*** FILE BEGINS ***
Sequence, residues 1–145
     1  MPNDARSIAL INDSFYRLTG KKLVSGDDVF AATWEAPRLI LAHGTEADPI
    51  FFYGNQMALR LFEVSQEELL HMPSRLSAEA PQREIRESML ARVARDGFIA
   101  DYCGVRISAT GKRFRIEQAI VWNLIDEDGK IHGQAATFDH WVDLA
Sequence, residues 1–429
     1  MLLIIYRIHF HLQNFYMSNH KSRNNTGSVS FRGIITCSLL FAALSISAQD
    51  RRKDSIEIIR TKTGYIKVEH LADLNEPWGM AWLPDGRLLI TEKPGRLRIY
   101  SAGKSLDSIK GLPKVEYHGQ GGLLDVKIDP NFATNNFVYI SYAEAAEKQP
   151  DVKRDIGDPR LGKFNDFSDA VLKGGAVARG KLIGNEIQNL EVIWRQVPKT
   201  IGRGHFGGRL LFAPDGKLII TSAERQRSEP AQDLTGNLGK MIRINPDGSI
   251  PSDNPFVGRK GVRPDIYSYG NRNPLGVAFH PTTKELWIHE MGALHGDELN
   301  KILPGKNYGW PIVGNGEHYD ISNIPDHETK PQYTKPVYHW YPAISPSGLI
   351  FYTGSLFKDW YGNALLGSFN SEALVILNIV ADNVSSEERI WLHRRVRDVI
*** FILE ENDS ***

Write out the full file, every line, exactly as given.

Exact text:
Sequence, residues 1–145
     1  MPNDARSIAL INDSFYRLTG KKLVSGDDVF AATWEAPRLI LAHGTEADPI
    51  FFYGNQMALR LFEVSQEELL HMPSRLSAEA PQREIRESML ARVARDGFIA
   101  DYCGVRISAT GKRFRIEQAI VWNLIDEDGK IHGQAATFDH WVDLA
Sequence, residues 1–429
     1  MLLIIYRIHF HLQNFYMSNH KSRNNTGSVS FRGIITCSLL FAALSISAQD
    51  RRKDSIEIIR TKTGYIKVEH LADLNEPWGM AWLPDGRLLI TEKPGRLRIY
   101  SAGKSLDSIK GLPKVEYHGQ GGLLDVKIDP NFATNNFVYI SYAEAAEKQP
   151  DVKRDIGDPR LGKFNDFSDA VLKGGAVARG KLIGNEIQNL EVIWRQVPKT
   201  IGRGHFGGRL LFAPDGKLII TSAERQRSEP AQDLTGNLGK MIRINPDGSI
   251  PSDNPFVGRK GVRPDIYSYG NRNPLGVAFH PTTKELWIHE MGALHGDELN
   301  KILPGKNYGW PIVGNGEHYD ISNIPDHETK PQYTKPVYHW YPAISPSGLI
   351  FYTGSLFKDW YGNALLGSFN SEALVILNIV ADNVSSEERI WLHRRVRDVI